Speaking from Beijing, Zhao told ED that another interesting facet of Fruitday’s orders is they are increasingly being made via mobile devices. “About 70% of our daily sales revenue now comes from use of our mobile application,” he said. Peak times for orders used to be 9am, when people first went online in the morning, lunchtime, and then 7-8pm, when they came home. But now they are spread over 24 hours with people also ordering from the bus or subway.

Young people are the main customers

In the last decade, China has enjoyed the fastest e-commerce growth rate in the world. Fruitday’s customers are mainly young people who have become used to getting their fruit online “as long as we guarantee consistent and high quality fruit,” Zhao said. It’s not because they’re lazy or don’t have enough time, it’s because e-commerce became reliable and they trust it to deliver lower prices, higher quality, and safe food. Because parents are often buying fruit for their children, food safety is particularly important in China, he said.

Given food imported into China is already subject to a lot of checks and certification, Fruitday does not feel a need to enforce extra ones, but does guarantee that all its imported fresh fruit – which makes up 90% of the fresh fruit it sells – is imported officially, Zhao said.

How direct marketing makes it easy to manage the supply chain

Among the big pluses in e-commerce is businesses can closely tie their inventory planning and pre-sale marketing to end customers, something Zhao said is the case at Fruitday, which imports its fruit itself. “If we want to import 10 containers of oranges we make a marketing plan so that in one month we can sell all of them. We can easily target customers directly because we don’t rely on other distributors, wholesale markets or supermarkets.”

“But we do need to do a lot of market research and data analysis to ensure our plan is accurate,” he said. That’s very important because while Fruitday has invested a lot in hardware such as warehouse facilities, the reality is fruit – apart from produce such as apples and citrus – generally doesn’t stay fresh long, he noted.

Logistics is a challenge in China and something we “still need to improve,” Zhao said. In Shanghai and Beijing Fruitday has  its own logistics platform but in other cities cooperates with third parties.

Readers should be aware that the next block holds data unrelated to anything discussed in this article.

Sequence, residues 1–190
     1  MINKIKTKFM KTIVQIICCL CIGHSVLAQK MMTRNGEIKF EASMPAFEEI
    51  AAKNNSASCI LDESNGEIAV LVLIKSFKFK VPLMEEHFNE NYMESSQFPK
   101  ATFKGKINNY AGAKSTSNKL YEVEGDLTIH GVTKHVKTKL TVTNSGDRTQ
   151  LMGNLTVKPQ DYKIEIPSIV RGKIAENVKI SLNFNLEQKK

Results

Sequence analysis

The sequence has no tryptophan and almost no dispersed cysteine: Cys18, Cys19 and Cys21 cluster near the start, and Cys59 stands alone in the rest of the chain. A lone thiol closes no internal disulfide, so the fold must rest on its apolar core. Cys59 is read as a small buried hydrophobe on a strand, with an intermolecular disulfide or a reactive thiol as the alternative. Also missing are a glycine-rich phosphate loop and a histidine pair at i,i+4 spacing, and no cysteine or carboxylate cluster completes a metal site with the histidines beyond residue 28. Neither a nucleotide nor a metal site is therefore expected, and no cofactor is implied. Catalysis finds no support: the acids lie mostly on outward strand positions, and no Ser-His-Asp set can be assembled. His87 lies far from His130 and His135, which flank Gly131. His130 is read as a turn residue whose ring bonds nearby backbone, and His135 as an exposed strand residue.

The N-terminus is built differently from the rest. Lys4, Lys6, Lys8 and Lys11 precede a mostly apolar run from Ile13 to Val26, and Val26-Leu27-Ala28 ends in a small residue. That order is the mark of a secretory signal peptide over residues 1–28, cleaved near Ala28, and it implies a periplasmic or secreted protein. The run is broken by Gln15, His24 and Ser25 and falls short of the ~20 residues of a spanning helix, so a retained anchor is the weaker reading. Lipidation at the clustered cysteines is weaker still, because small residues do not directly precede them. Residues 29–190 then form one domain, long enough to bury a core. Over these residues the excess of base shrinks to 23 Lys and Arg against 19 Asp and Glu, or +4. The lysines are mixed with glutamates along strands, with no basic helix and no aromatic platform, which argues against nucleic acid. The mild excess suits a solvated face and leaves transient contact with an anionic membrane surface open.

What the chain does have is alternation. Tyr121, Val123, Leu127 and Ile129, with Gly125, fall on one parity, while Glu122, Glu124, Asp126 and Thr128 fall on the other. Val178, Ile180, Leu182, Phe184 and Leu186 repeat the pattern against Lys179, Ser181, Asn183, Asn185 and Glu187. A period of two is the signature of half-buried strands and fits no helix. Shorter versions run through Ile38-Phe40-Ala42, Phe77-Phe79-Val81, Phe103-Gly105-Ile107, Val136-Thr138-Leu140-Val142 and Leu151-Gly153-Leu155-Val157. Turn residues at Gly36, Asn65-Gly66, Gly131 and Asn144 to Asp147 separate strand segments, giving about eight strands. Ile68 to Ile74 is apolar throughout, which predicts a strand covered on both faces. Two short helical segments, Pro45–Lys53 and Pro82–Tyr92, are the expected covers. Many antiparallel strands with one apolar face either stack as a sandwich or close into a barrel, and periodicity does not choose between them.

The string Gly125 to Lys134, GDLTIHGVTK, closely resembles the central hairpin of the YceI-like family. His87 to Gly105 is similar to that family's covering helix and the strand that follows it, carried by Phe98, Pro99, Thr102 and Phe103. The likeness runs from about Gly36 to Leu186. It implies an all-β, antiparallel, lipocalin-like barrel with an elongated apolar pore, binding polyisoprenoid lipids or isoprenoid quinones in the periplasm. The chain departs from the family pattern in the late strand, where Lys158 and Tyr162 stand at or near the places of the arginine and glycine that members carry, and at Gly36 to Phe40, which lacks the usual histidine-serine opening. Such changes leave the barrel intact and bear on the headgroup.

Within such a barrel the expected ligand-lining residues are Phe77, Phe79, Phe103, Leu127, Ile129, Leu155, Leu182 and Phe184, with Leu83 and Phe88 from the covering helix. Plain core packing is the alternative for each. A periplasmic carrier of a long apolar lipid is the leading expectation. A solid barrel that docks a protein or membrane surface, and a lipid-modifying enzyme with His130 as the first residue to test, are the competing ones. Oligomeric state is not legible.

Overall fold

Most popular fruits

Fruitday is a supplier of premium fruit and unlike the traditional market for fresh fruit and vegetables in China – where the most popular fruits are table grapes, bananas and apples – its biggest-selling fruits are cherries, kiwifruit and oranges, Zhao said. “Our main customers are people aged 30-35 with kids and they like to try new things.”

Cherries are a new product in China and delicious but expensive in most cities, but through our web site people can easily get them at a lower price, which makes them very popular,” Zhao said, adding that it’s estimated that nearly 7% of cherries imported by China last year were sold by Fruitday.

As for kiwifruit, the entrepreneur said it’s popular for Chinese parents to give their children one every day, so sales are frequent. An estimated 11 million trays of Zespri kiwifruit from New Zealand were imported into China last year and Fruitday is believed to have sold about 650,000 of them – about 6% of the total.

Its oranges are sourced from around the world, including the Sunkist brand from California; from European growers such as in Spain, Egypt and Cyprus; and in the Southern Hemisphere from South Africa, Australia and New Zealand.

Future fruit superstars in China: berries

But while cherries, kiwifruit and oranges are the current “superstars” of sales for Fruitday, Zhao said fruits showing potential to join them are berries, including blueberries, blackberries, raspberries and strawberries. “We see the market just beginning, especially for blackberries and raspberries. We’ve had blueberries in China for 5-6 years but just since last year we’ve been importing other berries (blackberries and raspberries) from Mexico and we can see huge demand.”

Also showing strong growth is the durian, a tropical fruit mainly imported from Thailand and Malaysia “and very popular in China now.” And lemon sales are growing, too, helped by the popularity in China of using it in tea.

Exploring new sources for stone fruit and melons

Zhao said Fruitday has been lucky to be on the scene in the last 2-3 years as China expands the list of fruits that may be imported into the country, such as pears from New Zealand, the US and the Netherlands. Customers are now starting to accept the different taste of these pears, which – unlike the Asian pear predominantly grown in China and eaten when still tough and crisp – are eaten when ripe and soft.